Overpopulation. You'd never know that if you get all your information from the MSM, but if you stop & think about it for 5 minutes, it's self-evident. Sustainable development with zero population growth should be the goal of any sane individual who cares about the future of our planet & the people who will populate it.

The first world has been very responsible with respect to solving the problem, maintaining very low (in some cases sub-replacement) birth rates.

The rest of the world hasn't.

Your solution is to let all the countries of the first world be flooded with 3rd world immigrants until they become 3rd world countries with 1st world carbon appetites & with NO appetite for curbing global warming.

I would call that solution bizarre.

tl;dr If you don't understand the connection between immigration & climate change, I suggest you turn off the CBC for a few days & have an independent think.

Here's a neat article about what happened to the Crocodile Hunter's daughter when she sent an essay to Hillary about overpopulation. A brief excerpt from Bindi's essay: "I believe that most problems in the world today, such as climate change, stem from one immense problem which seems to be the 'elephant in the room' that no-one wants to talk about. This problem is our ever expanding human population. We are experiencing Earth's sixth mass extinction right now. ..."

Here's a cool nature video. See if you can identify its relevancy to this discussion.



Or this ad:

https://vimeo.com/11212514


I don't know what 3d world immigrants are but the USA is certainly flooded with old world and new world immigrants.
And yes over the centuries the USA carbon footprint did increase by large amounts as we were flooded. Of course our standard of living increased by large amounts over the same period.


I think the even bigger elephant in the room as far as the increasing population is that the future of mankind lies in moving out into the universe. It is very limited thinking to just confine yourself to the resources on planet Earth. I would suggest rather than so much focus on less babies, think more about moving out into the universe. Move more of the old world out onto new worlds and new resources.

--


As far as the discussion concerning the sixth extinction, yes nature kills and nature destroys. As you point out 5 times at least on planet earth.
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#51 User is offline   PassedOut 

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Posted 2015-August-21, 11:46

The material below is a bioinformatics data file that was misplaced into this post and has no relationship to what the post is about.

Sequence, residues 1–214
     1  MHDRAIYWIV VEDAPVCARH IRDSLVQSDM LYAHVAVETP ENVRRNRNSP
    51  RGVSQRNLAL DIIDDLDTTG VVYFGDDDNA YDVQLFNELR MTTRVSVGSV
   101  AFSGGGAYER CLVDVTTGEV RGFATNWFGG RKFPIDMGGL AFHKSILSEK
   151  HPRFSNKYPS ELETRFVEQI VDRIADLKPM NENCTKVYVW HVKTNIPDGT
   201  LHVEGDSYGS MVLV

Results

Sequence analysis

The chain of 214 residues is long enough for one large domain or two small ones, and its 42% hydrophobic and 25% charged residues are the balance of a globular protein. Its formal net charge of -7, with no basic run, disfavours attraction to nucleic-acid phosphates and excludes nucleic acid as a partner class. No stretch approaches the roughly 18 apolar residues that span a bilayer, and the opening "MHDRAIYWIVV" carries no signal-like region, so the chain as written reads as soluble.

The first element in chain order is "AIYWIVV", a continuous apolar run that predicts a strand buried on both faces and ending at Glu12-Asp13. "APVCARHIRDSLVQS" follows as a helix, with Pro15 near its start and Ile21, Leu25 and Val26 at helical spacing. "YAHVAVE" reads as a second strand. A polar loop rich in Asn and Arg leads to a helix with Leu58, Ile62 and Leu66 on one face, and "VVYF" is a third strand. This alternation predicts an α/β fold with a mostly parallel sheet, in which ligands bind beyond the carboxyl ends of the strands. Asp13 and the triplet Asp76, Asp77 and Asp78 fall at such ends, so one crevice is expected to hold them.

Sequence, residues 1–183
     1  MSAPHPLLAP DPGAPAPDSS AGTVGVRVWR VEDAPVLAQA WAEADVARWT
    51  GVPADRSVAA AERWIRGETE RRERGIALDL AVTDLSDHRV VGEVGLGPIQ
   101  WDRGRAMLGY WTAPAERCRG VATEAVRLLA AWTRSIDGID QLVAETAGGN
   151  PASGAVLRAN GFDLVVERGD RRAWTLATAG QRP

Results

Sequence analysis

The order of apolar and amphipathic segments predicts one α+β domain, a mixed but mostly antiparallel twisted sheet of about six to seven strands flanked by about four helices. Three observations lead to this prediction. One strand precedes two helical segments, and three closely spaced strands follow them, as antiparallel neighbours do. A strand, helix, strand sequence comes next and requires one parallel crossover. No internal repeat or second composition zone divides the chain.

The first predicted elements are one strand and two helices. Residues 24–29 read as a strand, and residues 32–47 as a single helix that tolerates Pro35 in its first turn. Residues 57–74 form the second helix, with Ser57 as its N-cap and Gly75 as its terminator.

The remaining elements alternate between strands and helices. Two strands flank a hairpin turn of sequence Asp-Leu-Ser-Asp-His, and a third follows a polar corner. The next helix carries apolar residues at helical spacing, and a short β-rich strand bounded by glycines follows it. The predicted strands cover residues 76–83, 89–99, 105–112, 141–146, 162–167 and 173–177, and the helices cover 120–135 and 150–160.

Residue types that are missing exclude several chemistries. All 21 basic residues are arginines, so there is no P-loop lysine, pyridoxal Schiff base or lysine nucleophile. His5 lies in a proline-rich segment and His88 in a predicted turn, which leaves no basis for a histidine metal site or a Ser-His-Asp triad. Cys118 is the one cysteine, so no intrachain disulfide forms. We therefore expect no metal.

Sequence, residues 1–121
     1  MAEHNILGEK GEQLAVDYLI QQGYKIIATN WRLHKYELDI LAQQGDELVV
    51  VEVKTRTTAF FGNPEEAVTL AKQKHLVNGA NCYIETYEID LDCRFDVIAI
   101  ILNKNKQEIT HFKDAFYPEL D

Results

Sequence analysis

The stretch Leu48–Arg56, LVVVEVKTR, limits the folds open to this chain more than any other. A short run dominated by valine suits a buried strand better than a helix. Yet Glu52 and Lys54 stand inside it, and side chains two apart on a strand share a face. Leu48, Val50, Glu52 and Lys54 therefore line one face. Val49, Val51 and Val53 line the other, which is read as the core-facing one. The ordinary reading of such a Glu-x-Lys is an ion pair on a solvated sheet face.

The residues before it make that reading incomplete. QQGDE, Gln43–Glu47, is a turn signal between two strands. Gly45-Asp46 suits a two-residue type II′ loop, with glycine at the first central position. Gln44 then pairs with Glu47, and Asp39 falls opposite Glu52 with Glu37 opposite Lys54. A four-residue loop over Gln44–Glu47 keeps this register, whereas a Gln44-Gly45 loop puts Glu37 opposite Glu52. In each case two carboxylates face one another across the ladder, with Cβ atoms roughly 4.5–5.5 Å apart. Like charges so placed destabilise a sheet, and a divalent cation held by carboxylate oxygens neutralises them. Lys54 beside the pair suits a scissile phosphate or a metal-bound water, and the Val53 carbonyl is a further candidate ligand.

View Postjonottawa, on 2015-August-21, 10:12, said:

First, 'global warming' became 'climate change' when there were freak cold events and people used those freak cold events to ridicule 'global warming.' So it's not about mealy-mouthed, it was a case of the Al Gores of the world covering their butts.

That's dead wrong.

Although the term "climate change" has a long history, it entered the political conversation when Republican strategist Frank Luntz advised his clients (page 142 of this memo) as follows:

Quote

It’s time for us to start talking about “climate change” instead of global warming and “conservation ” instead of preservation.

1. “Climate change” is less frightening than “global warming;” As one focus group participant noted, climate change “sounds like you’re going from Pittsburgh to Fort Lauderdale.” While global warming has catastrophic connotations attached to it, climate change suggests a more controllable and less emotional challenge.

I'm surprised that anyone thought otherwise. Only 16 pages of the memo are shown here, but all 16 are interesting reading.
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#52 User is offline   billw55 

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Posted 2015-August-21, 12:10

View Postmike777, on 2015-August-21, 10:54, said:

I think the even bigger elephant in the room as far as the increasing population is that the future of mankind lies in moving out into the universe. It is very limited thinking to just confine yourself to the resources on planet Earth. I would suggest rather than so much focus on less babies, think more about moving out into the universe. Move more of the old world out onto new worlds and new resources.

I consider this science fiction only, it will never be a reality. IMO the energy burdens and engineering challenges are too great to overcome. I admit I could be wrong, but none of us alive now will ever know for sure.

As a consequence, I perforce believe that human population is inherently limited. If we don't stop voluntarily, eventually we will be stopped by forces of nature. The letter seems more likely, but here at least there is hope.

None which means that keeping the third world in third world conditions is a solution to warming.





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#53 User is offline   mike777 

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Posted 2015-August-21, 12:25

View Postbillw55, on 2015-August-21, 12:10, said:

I consider this science fiction only, it will never be a reality. IMO the energy burdens and engineering challenges are too great to overcome. I admit I could be wrong, but none of us alive now will ever know for sure.

As a consequence, I perforce believe that human population is inherently limited. If we don't stop voluntarily, eventually we will be stopped by forces of nature. The letter seems more likely, but here at least there is hope.

None which means that keeping the third world in third world conditions is a solution to warming.